Shortly thereafter, Aux Sable obtained a temporary restraining order in the Circuit Court of Will County, Illinois. Aux Sable then filed a complaint and motion for a preliminary injunction, which Monee removed to this Court. On March 14, 2006, this Court granted Aux Sable's motion and enjoined Monee from stopping traffic along the truck route to/from Aux Sable's Terminal. At the close of discovery, the parties filed the instant cross-motions for summary judgment.


Summary judgment is appropriate only when "the pleadings, depositions, answers to interrogatories, admissions on file, together with the affidavits, if any, show that there is no genuine issue as to any material fact and that the moving party is entitled to a judgment as a matter of law." Fed. R. Civ. P. 56(c). The moving party bears the burden of demonstrating the absence of a genuine issue of material fact by specific citation to the record, at which time the burden shifts to the non-moving party to set forth specific facts showing that there is a genuine issue of fact for trial. Fed. R. Civ. P. 56(e); Celotex Corp. v. Catrett, 477 U.S. 317 (1986). In considering cross summary judgment motions, we "construe all facts and inferences therefrom in favor of the party against whom the motion under consideration is made." In re United Air Lines, Inc., 453 F.3d 463, 468 (7th Cir. 2006) (internal citations omitted).


Monee's current restrictions on truck traffic on Ridgeland Avenue implicates both the 1982 Surface Transportation Assistance Act ("STAA") as codified in part at 49 U.S.C. § 31114 and the Illinois Vehicle Code, 625 ILCS 5/15 et seq. These federal and state laws govern weight and size restrictions for vehicles traveling on certain classes of highways in Illinois. Against this statutory and regulatory background, we consider the current weight restriction imposed on the portions of Ridgeland Avenue in Monee Township by Kenneth Murphy, the current Monee Township Highway Commissioner. The parties' motions present three basic issues: (1) whether the current Monee weight restriction violates the Illinois Vehicle Code; (2) whether the current Monee weight restriction is preempted by the "reasonable access" provisions of the STAA; and (3) whether former Monee Township Highway Commissioner Stassen's actions entitle Aux Sable to claim equitable estoppel and require Monee Township to suspend its current weight restriction. Because we conclude that Monee's refusal to permit trucks weighing more than 14 tons to travel on Ridgeland Avenue violates the STAA, we need not consider whether or not the current Monee ordinance complies with the Illinois Vehicle Code or whether equitable estoppel applies.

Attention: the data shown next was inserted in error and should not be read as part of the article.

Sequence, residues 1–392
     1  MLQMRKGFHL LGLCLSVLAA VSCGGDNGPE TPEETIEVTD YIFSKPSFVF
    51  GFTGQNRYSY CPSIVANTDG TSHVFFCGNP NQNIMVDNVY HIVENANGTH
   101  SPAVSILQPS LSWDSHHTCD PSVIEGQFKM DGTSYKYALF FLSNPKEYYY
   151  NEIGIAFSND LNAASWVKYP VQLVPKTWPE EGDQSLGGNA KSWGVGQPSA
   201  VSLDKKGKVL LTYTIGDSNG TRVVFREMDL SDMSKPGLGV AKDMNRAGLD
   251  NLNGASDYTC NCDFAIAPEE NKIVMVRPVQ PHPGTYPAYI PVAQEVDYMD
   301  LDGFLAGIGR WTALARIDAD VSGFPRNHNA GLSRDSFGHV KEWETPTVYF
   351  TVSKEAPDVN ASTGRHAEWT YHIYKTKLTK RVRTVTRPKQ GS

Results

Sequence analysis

The STAA establishes national standards for the type, size and weight of trucks used in interstate commerce. At issue in this case is § 31114(a) of the STAA, which provides that: "a State may not enact or enforce a law denying to a commercial motor vehicle...reasonable access between: (1) the Dwight D. Eisenhower System of Interstate and Defense Highways...and (2) terminals, facilities for food, fuel, repairs, and rest, and points of loading and unloading for household goods carriers, motor carriers of passengers, or any truck tractor-semitrailer combination in which the semitrailer has a length of not more than 28.5 feet and that generally operates as part of a vehicle combination described in § 31111(c) of this title." 49 U.S.C. § 31114(a). § 31114(b) provides an exception for state and local regulation of truck tractorsemitrailer combinations, permitting "reasonable restrictions based upon safety considerations." Implementing regulations at 23 C.F.R. 658.19 reiterate the prohibitions contained in § 31114(a) and provide that "states shall ensure compliance with the requirements of this section for roads under the jurisdiction of local units of government." 24 C.F.R. 658.19(h).